Un-Learning to Labour? Transforming ’Industrial Mentalities'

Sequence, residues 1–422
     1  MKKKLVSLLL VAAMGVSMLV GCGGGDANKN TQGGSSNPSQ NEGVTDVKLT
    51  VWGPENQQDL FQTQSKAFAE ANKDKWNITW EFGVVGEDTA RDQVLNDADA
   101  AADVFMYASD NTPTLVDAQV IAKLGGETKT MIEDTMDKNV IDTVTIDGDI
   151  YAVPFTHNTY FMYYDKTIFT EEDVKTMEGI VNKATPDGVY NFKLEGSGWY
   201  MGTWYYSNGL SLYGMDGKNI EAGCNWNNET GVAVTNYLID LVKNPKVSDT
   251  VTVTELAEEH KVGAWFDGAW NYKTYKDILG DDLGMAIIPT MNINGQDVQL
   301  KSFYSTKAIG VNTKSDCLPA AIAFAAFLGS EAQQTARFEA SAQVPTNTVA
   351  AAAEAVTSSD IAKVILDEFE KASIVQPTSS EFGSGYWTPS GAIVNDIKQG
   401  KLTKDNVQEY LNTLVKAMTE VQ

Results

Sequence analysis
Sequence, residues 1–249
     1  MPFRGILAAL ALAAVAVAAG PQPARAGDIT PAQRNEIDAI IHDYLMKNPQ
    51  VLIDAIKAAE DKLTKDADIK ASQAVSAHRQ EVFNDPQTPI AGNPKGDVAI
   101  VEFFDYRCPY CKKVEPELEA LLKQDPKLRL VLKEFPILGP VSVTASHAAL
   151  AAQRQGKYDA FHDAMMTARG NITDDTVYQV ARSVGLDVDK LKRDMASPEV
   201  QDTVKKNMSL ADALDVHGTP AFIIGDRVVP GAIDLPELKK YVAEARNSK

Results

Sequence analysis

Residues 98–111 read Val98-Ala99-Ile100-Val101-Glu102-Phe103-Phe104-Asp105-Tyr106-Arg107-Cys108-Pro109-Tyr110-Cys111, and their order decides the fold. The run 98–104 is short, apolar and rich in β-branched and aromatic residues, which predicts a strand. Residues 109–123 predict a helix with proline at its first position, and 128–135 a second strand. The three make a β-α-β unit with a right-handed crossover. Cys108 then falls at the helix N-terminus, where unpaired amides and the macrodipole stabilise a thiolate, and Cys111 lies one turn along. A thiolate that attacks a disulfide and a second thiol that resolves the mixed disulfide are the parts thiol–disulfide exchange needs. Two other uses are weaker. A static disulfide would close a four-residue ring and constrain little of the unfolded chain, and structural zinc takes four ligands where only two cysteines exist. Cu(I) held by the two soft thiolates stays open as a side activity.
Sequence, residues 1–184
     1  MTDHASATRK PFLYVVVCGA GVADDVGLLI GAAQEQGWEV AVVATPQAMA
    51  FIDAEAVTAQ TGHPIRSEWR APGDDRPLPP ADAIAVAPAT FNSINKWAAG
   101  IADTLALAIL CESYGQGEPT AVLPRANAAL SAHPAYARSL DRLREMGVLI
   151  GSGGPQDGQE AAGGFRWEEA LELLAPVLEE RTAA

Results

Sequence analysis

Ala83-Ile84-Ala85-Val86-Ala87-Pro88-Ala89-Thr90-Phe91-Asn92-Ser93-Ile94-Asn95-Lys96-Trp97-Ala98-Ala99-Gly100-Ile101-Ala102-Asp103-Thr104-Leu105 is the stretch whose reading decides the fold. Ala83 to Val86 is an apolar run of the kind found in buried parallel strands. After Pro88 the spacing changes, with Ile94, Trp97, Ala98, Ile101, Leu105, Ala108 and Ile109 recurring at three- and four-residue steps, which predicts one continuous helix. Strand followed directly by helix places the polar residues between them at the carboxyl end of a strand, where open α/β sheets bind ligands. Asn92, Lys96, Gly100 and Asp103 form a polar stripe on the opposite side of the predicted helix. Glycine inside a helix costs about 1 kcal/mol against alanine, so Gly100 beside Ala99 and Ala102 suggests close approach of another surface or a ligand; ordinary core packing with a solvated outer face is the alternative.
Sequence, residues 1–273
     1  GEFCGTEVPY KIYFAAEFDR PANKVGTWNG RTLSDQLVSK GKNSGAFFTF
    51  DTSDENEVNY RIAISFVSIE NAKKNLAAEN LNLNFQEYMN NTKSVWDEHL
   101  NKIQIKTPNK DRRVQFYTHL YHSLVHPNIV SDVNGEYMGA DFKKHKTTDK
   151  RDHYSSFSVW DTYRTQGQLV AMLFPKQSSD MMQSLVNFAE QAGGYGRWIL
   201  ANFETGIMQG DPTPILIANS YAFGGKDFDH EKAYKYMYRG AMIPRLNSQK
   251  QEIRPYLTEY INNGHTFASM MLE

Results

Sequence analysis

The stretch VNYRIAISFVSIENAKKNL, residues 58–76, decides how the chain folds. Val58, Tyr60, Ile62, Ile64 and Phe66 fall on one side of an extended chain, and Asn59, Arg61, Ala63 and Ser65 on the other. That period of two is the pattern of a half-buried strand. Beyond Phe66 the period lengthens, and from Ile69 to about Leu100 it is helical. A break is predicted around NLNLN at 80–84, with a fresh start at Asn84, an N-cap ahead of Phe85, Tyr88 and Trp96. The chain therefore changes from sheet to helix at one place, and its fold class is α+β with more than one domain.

In my dissertation, I combine my interest in how we as individuals understand ourselves in relation to contemporary discourses of the self, with the so called ’active society’ orientation, referring to a rationale aiming at mitigating public sector expenditures on social benefits through the fostering of active and employable selves able and willing to find a place in the labour market. As the latter often plays out at the local level, whereby an increasing number of unemployed individuals become subjected to municipal activation programs instead of state employment services, I more specifically examine how the supranational discourse on active inclusion is understood and translated locally. Here, I explore ethnographically a pronounced industrial community’s efforts of managing the ‘active society’ at the local level.